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Harris Royston (Eric) Amit.Courtesy of family

Harris Royston (Eric) Amit: Humanitarian. Teacher. Gardener. Man of faith. Born Jan. 27, 1929, in Colombo, Sri Lanka; died Feb. 13, 2021, in Antigonish, N.S., of congestive heart failure; aged 92.

Eric was born into the stratified social order of Colombo in the 1930s. His father was Muslim, his mother an Anglican of British tea planter background. The challenges of growing up biracial and multiethnic were further compounded by the sudden death of his father when Eric was still young.

The family teetered on the edge of destitution as Eric’s newly widowed mother strove to establish herself as a self-employed seamstress. She reconnected with a childhood friend who had since married the wealthiest man in Ceylon and they were unexpectedly welcomed into the opulent household.

The almost-Dickensian ups and downs of Eric’s childhood made a deep impression. He understood that the obstacles faced by the poor are significant and deeply unfair. Eric devoted his professional life to addressing these injustices. He also understood that simple acts of kindness – caritas – could transform lives. This insight informed the gentle, generous nature of Eric’s relationships.

Sponsored by his new patron, Eric enrolled in university to study geography where he met and courted Amybelle Ambuldenyia. Family lore has it that his opening line was a hopeful “Would you like to borrow my pencil? It’s much sharper!”

Shortly after graduation, Amy and Eric married. Amy soon had her hands full with an expanding family while Eric built his career in the Ceylon Civil Service, providing leadership to land-settlement schemes to improve the lives of impoverished farmers. This work meant the family lived in rural areas, a time fondly remembered by his children who bounced around in the back of a Land Rover making impromptu stops by rivers and waterfalls for a swim and picnic.

By the late 1960s, Eric’s promotion meant the family returned to Colombo but political uncertainty and ethnic tensions were on the rise. In 1971, Eric and Amy immigrated to Canada with their four children, Minoli, Iromi, Hilary and Udeni.

Landing first in Newfoundland, Eric soon secured a job as a lecturer at the Coady International Institute in Antigonish, N.S. Before he could settle in, Eric was approached by the World Council of Churches to lead a huge reconstruction program in Bangladesh.

Amy and Eric quickly conferred and agreed on what had to be done. Within days, Eric was boarding a plane to Dhaka, leaving Amy and the children behind. In the years to follow, Eric was regularly ribbed for “abandoning” his family in the midst of a blizzard. In fact, the Amits were warmly welcomed to their new home in small-town Nova Scotia. When Eric returned, his family was fully versed in cooking lobster and similar local survival skills.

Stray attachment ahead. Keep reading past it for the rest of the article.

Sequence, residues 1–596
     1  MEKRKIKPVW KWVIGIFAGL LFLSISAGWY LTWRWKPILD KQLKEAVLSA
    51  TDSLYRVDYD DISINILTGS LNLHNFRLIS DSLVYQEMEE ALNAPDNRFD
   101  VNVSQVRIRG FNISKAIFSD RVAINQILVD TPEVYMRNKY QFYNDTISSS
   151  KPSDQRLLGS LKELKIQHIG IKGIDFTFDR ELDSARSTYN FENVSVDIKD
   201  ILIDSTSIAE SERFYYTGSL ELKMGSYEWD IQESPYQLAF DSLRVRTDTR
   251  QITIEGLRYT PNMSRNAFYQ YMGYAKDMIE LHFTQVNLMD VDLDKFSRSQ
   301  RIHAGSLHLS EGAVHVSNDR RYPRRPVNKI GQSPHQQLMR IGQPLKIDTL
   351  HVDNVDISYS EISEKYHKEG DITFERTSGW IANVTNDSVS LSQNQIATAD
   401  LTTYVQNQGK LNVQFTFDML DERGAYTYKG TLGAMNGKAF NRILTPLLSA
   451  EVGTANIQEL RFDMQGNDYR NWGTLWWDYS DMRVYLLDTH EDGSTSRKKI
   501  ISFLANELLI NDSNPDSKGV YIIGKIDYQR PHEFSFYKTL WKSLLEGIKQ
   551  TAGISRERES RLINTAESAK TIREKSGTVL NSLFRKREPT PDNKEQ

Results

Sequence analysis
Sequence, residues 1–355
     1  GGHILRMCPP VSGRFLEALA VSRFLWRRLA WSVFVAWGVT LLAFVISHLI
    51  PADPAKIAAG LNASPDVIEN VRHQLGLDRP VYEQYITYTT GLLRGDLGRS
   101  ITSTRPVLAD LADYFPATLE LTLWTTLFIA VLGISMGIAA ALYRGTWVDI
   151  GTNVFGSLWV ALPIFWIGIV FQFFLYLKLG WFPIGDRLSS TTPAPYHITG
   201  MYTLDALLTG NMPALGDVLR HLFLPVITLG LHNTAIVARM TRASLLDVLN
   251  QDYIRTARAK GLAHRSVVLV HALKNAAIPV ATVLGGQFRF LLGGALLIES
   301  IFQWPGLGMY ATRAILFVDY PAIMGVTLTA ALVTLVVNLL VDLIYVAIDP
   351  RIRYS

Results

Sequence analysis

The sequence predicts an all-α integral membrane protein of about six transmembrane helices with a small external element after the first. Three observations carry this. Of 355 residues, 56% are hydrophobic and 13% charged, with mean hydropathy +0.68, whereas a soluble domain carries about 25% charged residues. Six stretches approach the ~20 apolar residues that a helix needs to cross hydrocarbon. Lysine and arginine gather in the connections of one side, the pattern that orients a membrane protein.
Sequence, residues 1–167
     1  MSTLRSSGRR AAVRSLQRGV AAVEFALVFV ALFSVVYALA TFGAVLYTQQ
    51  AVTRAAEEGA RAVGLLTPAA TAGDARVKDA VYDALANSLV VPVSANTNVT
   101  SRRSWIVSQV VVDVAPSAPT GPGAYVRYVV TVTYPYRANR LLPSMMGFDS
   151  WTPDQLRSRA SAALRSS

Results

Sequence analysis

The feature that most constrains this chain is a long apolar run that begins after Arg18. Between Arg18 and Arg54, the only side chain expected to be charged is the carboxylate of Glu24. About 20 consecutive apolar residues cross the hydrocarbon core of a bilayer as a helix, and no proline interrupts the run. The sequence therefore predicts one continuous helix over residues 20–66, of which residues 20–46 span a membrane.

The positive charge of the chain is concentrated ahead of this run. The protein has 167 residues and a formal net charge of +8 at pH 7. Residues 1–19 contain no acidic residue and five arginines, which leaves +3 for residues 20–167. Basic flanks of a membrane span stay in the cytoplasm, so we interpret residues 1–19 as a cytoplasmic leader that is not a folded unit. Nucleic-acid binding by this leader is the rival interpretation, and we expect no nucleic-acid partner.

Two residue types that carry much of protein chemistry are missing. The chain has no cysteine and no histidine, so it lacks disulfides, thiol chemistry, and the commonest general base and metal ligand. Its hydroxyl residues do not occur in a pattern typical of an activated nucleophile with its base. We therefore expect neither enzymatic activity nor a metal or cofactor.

For the next 20 years, Eric was both a beloved teacher and a respected executive director at Coady, dividing his time between university lecture halls in Antigonish and training centres around the world. He brought rigour and insight to the teaching of development practice to a generation of community leaders.

Eric was an engaged if soft-hearted father and grandfather, leaving matters of domestic management and discipline to Amy. Each December, he applied his project-management skills to the planning and implementation of elaborate Christmas decorations and gatherings that were the talk of the neighbourhood.

Upon retirement, Eric received many honours for his lifetime of service, including the UN Association’s Global Citizen Award. Yet he found his greatest pleasures puttering around his impressive back garden, mobilizing grandchildren into work teams with characteristically modest incentives: a penny per worm imported, a nickel for each dandelion with roots exported!

When Amy became ill, Eric seldom left her side. With his failing eyesight and her dementia, they muddled through the challenges of daily life together. When Amy died in 2018, Eric moved into a nursing home where he welcomed family and visitors and flirted gently with the nurses. He was gracious and self-effacing to the end.

Anthony Scoggins is Eric’s colleague and Hilary Amit is Eric’s son.

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Lives Lived celebrates the everyday, extraordinary, unheralded lives of Canadians who have recently passed. To learn how to share the story of a family member or friend, go to tgam.ca/livesguide

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